However, you should NEVER apply essential oils directly to a dog for this purpose. Ideally you need these to be the undiluted oils so use a bandana or put a few drops on the outside of their collar; if you are using a spray, make sure it is sufficiently diluted. Also as they are volatile oils their effectiveness doesn’t last, they evaporate! Be aware of this if you are going on a long walk!
4. Dietary Solution and Supplements – using something like our Ticked Off which contains the likes of:
Garlic – Garlic given as a dietary supplement makes the dog less appealing to ticks. Ticks and fleas are sightless and deaf, they tune in to the fatty smell emitted by warm blooded animals, in their sweat; and that is how they find their host. Garlic (and ACV below) help to mask this odour – when metabolized the garlic takes on a distinctive odour and bitter flavour that fleas and ticks find very unattractive – the garlic odour reflects the alicin content which is toxic to insects. And because garlic is a diaphoretic, it actually makes the body sweat!! Garlic also helps enhance the immune system; a dog with a healthy immune system is much better placed to deal with invasion
Apple Cider Vinegar – ACV is anti-oxidant, antimicrobial, antibacterial, anitfungal. antiinflammatory, and antiparasitic and is also synthesized through the skin to change the overall sweat smell. With a ph 3.1 to 5 it can soothe a dog’s overly alkalized digestive tract – increases the stomach’s acid levels which results in better absorption, and promotes the growth of beneficial bacteria; leading to a healthier dog overall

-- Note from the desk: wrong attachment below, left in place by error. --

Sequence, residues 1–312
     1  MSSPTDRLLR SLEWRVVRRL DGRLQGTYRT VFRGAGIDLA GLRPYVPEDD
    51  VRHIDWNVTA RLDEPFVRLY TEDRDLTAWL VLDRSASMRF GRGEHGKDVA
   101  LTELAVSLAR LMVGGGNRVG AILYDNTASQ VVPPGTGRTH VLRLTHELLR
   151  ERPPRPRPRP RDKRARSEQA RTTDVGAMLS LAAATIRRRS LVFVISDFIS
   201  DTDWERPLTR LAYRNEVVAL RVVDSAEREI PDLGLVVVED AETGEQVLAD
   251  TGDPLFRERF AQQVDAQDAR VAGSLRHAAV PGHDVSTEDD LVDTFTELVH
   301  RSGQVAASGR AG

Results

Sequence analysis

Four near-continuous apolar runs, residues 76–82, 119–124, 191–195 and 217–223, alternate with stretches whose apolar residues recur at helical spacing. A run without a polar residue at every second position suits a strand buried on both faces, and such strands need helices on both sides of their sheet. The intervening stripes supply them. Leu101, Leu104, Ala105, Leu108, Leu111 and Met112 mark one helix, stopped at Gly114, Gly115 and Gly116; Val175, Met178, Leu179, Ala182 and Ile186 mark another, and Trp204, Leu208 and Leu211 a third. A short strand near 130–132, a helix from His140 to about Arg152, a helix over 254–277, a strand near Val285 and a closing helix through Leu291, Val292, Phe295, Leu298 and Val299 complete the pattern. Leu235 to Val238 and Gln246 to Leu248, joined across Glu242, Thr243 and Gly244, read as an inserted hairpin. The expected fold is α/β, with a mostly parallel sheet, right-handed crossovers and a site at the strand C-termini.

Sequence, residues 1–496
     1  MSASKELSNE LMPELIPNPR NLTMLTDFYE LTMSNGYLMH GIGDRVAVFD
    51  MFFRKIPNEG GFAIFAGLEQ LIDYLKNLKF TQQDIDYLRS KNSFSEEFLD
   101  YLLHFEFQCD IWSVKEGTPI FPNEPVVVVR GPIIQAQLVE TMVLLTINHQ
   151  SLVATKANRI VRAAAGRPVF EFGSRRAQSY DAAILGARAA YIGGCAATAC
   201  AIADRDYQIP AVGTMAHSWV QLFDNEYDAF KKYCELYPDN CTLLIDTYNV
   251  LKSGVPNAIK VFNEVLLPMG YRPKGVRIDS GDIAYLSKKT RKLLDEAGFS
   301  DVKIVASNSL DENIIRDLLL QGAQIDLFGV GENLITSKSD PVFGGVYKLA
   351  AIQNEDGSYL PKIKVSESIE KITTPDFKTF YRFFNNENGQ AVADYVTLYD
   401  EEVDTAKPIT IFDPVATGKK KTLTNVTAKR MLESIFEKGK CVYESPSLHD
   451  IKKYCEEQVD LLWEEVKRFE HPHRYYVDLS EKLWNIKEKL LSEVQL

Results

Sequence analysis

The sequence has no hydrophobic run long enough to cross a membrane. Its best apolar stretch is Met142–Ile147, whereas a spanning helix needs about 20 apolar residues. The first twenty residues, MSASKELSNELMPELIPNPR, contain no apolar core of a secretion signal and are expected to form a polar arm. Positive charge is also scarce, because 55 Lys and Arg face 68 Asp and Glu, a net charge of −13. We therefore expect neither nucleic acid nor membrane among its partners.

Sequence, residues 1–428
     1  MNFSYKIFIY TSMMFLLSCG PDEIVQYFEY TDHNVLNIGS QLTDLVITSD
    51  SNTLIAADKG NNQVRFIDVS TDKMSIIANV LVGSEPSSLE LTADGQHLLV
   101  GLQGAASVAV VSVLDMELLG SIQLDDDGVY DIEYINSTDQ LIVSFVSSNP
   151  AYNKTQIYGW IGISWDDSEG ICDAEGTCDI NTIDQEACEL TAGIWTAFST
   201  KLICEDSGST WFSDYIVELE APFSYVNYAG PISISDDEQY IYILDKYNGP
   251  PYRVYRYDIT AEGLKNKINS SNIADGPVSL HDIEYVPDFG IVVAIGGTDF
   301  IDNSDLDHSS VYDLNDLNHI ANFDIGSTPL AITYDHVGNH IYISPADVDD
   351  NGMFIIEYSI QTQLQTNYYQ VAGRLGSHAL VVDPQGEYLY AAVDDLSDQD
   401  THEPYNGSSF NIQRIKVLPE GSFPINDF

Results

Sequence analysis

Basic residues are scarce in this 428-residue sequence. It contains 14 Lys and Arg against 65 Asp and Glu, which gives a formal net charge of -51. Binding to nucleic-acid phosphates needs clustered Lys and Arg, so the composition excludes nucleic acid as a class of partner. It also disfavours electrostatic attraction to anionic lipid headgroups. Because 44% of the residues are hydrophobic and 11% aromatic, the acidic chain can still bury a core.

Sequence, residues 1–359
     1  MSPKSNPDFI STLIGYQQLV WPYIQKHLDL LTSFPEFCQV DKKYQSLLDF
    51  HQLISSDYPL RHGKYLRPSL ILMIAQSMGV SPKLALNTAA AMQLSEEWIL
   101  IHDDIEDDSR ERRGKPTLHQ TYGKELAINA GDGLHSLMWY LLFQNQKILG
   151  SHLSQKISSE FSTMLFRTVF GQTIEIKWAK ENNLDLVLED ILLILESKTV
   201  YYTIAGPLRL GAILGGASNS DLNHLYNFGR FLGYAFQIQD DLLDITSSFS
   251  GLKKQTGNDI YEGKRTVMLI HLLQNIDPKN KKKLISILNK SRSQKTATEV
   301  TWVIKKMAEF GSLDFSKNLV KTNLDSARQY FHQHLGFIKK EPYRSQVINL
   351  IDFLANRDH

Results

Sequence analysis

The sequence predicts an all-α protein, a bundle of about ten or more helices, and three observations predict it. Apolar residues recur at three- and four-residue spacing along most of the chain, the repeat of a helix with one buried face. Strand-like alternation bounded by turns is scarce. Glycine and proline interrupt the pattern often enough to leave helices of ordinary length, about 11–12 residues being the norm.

Echinacea – immune modulating, and is key to fending off any tick-borne illness. Dogs with a weak immune system are prone to develop complications Research studies have indicated a reduced response of the immune system to Borrelia burgdorferi in patients with a weak immune system.
Some people also like to use Brewers Yeast as this has also been found to be effective at repelling fleas and ticks – however, despite positive scientific results there is no clear understanding of how it works! There are also potential side effects of using brewers yeast, and should not be given if your dog is immunocompromised, prone to yeast infections, or has yeast allergies, or has a sensitive tummy.
Note: When using dietary solutions they take a few weeks to build up in your dog, so recommend starting at least 2 weeks before tick season, and then they must be maintained throughout the season.
5. Reduce all other immune system stresses; the more a dog’s immune system is compromised the less equipped it is to deal with parasite invaders. Remove other needless chemicals and vaccines; ensure a nutritionally appropriate diet and treats are given. And also make sure their teeth are clean as plaque hammers the immune system daily.
6. CHECK… CHECK AGAIN… AND CHECK ONCE MORE. Ticks are opportunistic, therefore no product should promise that it will stop a tick from biting. Therefore, even with all the above steps in place you may still get a tick biting and holding on! So, ensure that you check after every walk when you know ticks are prevalent. You have that window of opportunity of at least 24 hours. I highly recommend getting a Tom OTick twizler tool, they are cheap and cheerful and very good at getting the whole tick out very easily and cleanly. Make sure in particular you check your dog’s warm areas (arm pits, around neck) gums, ears, and toes, along with the rest of his furry self.
All of the above should help to keep your four legged friends safe and out of harms way, so that you can continue to enjoy your walks together.